8. kenntomasch

    kenntomasch Member+

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    FC Tucson is not...a 2012 USL Pro expansion team, am I correct?
     
  9. leftout1

    leftout1 Member

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    I believe first year of PDL.
     
  10. UnionFreak1

    UnionFreak1 Member+

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    Correct, but the owners believe that they can be succesful enough to move to USL Pro in 2013. I don't think it will happen, and it won't happen if

    • The Desert Cup draws under 21,000 for the four days
    • The MLS decides not to award the Desert Cup in 2013 to Tucson
    • The season attendance isn't double of what it was last season (850 per game)
    Plus why would Phoenix go directly into Pro with only one other team (if the LA Blues still exist) west of the Mississippi?
     
  11. kenntomasch

    kenntomasch Member+

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    I do not believe MLS "awards" the Desert Cup to anybody, do they? It's not an MLS event, is it? Isn't it an event created and coordinated by the folks down there? Which has to convince individual MLS teams to attend? In which case, you could have all 19 MLS teams say "No thanks," which doesn't seem very likely, but I don't think you're going to have MLS say "You can't host this event, Tucson."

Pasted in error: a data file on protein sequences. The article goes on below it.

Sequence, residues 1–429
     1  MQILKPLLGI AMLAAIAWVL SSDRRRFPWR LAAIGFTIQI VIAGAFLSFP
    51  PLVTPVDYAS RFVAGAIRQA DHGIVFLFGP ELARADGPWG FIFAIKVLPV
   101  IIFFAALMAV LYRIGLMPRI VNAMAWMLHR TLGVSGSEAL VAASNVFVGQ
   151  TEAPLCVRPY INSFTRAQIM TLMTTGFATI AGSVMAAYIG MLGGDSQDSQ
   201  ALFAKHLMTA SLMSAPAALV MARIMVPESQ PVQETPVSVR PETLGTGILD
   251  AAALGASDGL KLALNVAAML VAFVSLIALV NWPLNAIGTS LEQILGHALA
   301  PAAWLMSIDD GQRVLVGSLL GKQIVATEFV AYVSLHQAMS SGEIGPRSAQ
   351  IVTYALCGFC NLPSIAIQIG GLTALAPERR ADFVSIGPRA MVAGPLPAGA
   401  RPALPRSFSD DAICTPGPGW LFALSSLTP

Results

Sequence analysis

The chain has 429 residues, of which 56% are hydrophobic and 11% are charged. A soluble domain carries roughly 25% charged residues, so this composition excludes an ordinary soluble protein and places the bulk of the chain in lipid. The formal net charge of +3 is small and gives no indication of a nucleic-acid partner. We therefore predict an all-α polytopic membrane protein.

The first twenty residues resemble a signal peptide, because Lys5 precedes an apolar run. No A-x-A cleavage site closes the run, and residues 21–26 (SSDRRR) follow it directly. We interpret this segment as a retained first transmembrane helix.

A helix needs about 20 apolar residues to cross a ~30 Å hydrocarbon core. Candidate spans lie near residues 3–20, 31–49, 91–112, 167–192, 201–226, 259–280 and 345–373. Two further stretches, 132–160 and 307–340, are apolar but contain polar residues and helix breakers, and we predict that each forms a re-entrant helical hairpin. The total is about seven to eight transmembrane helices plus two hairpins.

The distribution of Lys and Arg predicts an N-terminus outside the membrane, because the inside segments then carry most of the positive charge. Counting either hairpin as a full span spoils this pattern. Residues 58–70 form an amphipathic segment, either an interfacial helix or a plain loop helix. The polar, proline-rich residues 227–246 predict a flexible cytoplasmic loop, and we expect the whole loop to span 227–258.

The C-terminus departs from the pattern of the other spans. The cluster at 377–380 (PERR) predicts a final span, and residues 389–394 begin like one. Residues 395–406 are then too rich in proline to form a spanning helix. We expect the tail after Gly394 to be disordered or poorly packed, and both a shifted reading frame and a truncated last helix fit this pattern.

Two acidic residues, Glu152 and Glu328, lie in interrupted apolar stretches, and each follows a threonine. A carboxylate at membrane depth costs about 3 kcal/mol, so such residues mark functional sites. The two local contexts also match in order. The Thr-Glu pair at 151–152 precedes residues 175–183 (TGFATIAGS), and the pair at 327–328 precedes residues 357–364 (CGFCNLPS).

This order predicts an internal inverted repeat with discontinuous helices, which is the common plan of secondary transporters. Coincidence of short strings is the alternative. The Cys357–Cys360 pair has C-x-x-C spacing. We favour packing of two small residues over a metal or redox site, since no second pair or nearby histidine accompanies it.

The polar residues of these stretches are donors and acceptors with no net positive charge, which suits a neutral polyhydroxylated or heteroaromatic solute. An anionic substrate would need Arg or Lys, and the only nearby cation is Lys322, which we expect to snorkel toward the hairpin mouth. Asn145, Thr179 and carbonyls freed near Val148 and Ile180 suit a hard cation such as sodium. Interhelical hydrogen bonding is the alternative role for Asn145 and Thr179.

Also, that's the first time I've seen a number put on FCT's attendance from last year. That seems high. Any actual documentation on that? Doubling that would put them in the top four in the PDL. I don't see that happening.

    And I wasn't suggesting FC Tucson go immediately to the pro level. I was suggesting that news of where it might play in 2012 and the "I've got a secret" bit about a supplier don't belong in this thread, which is about "2012 USL Pro expansion news, rumor and wishful thinking."
     
  12. UnionFreak1

    UnionFreak1 Member+

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    I'll look for papers on the attendance, and how many Pro or PDL clubs have an official outfitter? Felt like it was bigger deal then for most small clubs.
     
  13. kenntomasch

    kenntomasch Member+

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    What do you mean by "official outfitter?" A kit supplier? One of the standard companies that either provides or gives them a deal on their team wear and stuff to sell to fans? Those aren't particularly novel. I would venture a guess most Pro clubs and a lot of PDL clubs have those. It's not that hard to get one of those deals, and they're not like a BCS football program's deal with Nike or anything, where they get millions in free swag.
     
  14. outfit153

    outfit153 New Member

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    Blues Fan here. And as everyone knows last years attendance was terrible. I don't know how much the owner is willing to lose but its obvious that it isn't a money making venture. My wish list for Western expansion teams would be the following:

    San Diego Flash
    Hollywood United
    Sacramento Gold
    San Francisco
    Kitsap Pumas
    Ventura County
    Fresno Fuego